|Directed by||Jeremy Saulnier|
|Written by||Jeremy Saulnier|
|Edited by||Julia Bloch|
Blue Ruin is a 2013 American thriller film written and directed by Jeremy Saulnier, and starring Macon Blair. The film premiered at the Cannes Film Festival as part of the Directors' Fortnight section on May 17, 2013, where it won the FIPRESCI Prize. Saulnier funded production on the film through a successful Kickstarter campaign, which MTV.com called "the perfect example of what crowdfunding can accomplish." The film was nominated for the John Cassavetes Award at the 2015 Independent Spirit Awards.
Dwight Evans, living as a beach vagrant, lives out of his car and scavenges for food and money. A policewoman tells him that Wade Cleland, the man who murdered Dwight's parents, is to be released from prison. Dwight returns to his hometown in Virginia and watches the Clelands collect Wade from prison. Despite failing to steal a gun, Dwight follows Wade to a club restroom and, after a fight, fatally stabs him. Realizing he dropped his car keys in the club, Dwight steals the Clelands' limousine; as he drives away, he discovers a teenage boy, William Cleland, in the back and lets him go.
After cleaning himself up, Dwight visits his sister, Sam, for the first time in years and tells her that he has killed Wade. Sam is shocked but glad. As the killing has gone unreported on the news, Dwight surmises that the Clelands have decided to seek revenge without police involvement. Sam flees her home with her daughters and Dwight waits in the house for the Clelands' attack. The Clelands arrive in the car Dwight left outside the club. Dwight escapes the attackers and runs over one of the Clelands, Teddy, in his car; he places the unconscious Teddy in the trunk. Before Dwight drives away, one of the attackers shoots him in the thigh with a crossbow.
After attempting surgery on himself, Dwight has the wound treated at a hospital and returns to Sam's house to clean up the mess. He tracks down an old high school friend, Ben, who lends him a rifle. On Ben's land, Dwight interrogates Teddy at gunpoint. Teddy tells him that Wade was not his father's killer; it was Wade's now-deceased father, in revenge for Dwight's father having an affair with Wade Sr.'s wife. Teddy wrestles Dwight's rifle from him, but Ben shoots him dead from a concealed position. To keep Ben from further involvement, Dwight removes the battery from Ben's car.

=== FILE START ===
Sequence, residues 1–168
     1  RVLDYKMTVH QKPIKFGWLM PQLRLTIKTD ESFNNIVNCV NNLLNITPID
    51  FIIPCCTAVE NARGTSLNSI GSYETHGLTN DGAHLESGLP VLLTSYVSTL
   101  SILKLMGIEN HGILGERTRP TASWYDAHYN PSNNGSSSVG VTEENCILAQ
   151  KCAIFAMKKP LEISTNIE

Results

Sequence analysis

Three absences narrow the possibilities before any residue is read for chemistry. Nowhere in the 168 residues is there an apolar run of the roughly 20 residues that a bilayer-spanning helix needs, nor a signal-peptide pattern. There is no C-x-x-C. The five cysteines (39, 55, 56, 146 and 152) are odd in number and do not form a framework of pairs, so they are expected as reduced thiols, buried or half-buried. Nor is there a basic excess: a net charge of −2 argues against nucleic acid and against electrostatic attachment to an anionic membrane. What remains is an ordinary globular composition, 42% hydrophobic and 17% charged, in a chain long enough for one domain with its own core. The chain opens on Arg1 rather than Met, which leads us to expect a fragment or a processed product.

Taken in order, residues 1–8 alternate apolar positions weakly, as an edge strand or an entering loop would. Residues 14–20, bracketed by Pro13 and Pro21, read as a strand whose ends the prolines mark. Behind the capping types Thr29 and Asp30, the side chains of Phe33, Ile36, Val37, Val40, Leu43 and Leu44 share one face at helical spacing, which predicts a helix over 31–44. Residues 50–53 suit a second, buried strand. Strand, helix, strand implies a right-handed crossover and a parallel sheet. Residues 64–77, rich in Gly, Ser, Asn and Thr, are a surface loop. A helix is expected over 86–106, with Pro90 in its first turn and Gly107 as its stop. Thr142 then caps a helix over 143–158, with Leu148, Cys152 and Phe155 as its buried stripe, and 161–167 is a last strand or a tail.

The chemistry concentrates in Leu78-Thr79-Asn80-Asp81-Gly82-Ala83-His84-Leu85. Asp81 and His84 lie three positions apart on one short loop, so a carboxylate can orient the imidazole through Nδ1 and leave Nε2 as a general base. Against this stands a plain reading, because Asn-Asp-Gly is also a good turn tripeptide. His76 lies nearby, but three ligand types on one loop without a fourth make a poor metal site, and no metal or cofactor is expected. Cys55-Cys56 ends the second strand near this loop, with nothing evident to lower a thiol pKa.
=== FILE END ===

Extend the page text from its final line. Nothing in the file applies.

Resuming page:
Dwight goes to the Cleland house and finds it empty. He searches it for guns, dumps them in a lake, and waits to ambush the Clelands. He leaves a message on the house answering machine asking them to leave Sam out of the dispute. Kris Cleland and her remaining children, Hope and Carl, return and listen to Dwight's message; when it becomes clear that the Clelands intend to kill Sam, Dwight shoots Carl killing him. Dwight holds the women at gunpoint while explaining his dilemma about whether to kill the family members. William enters through another door and shoots Dwight with a shotgun using both barrels. Dwight, severely wounded, asks William to leave with his car and tells him they are half-brothers. After William leaves, Hope attempts to attack Dwight; Kris Cleland reaches for a TEC-9 hidden under a recliner and fires at Dwight, but she misses and instead kills Hope. Dwight's next shot mortally wounds Kris, but she kills him before she dies. A postcard Dwight sent days earlier arrives at Sam's house.
- Macon Blair as Dwight Evans
- Devin Ratray as Ben Gaffney
- Amy Hargreaves as Sam Evans
- Kevin Kolack as Teddy Cleland
- Eve Plumb as Kris Cleland
- David W. Thompson as William
- Brent Werzner as Carl Cleland
- Stacy Rock as Hope Cleland
- Sidné Anderson as Officer Eddy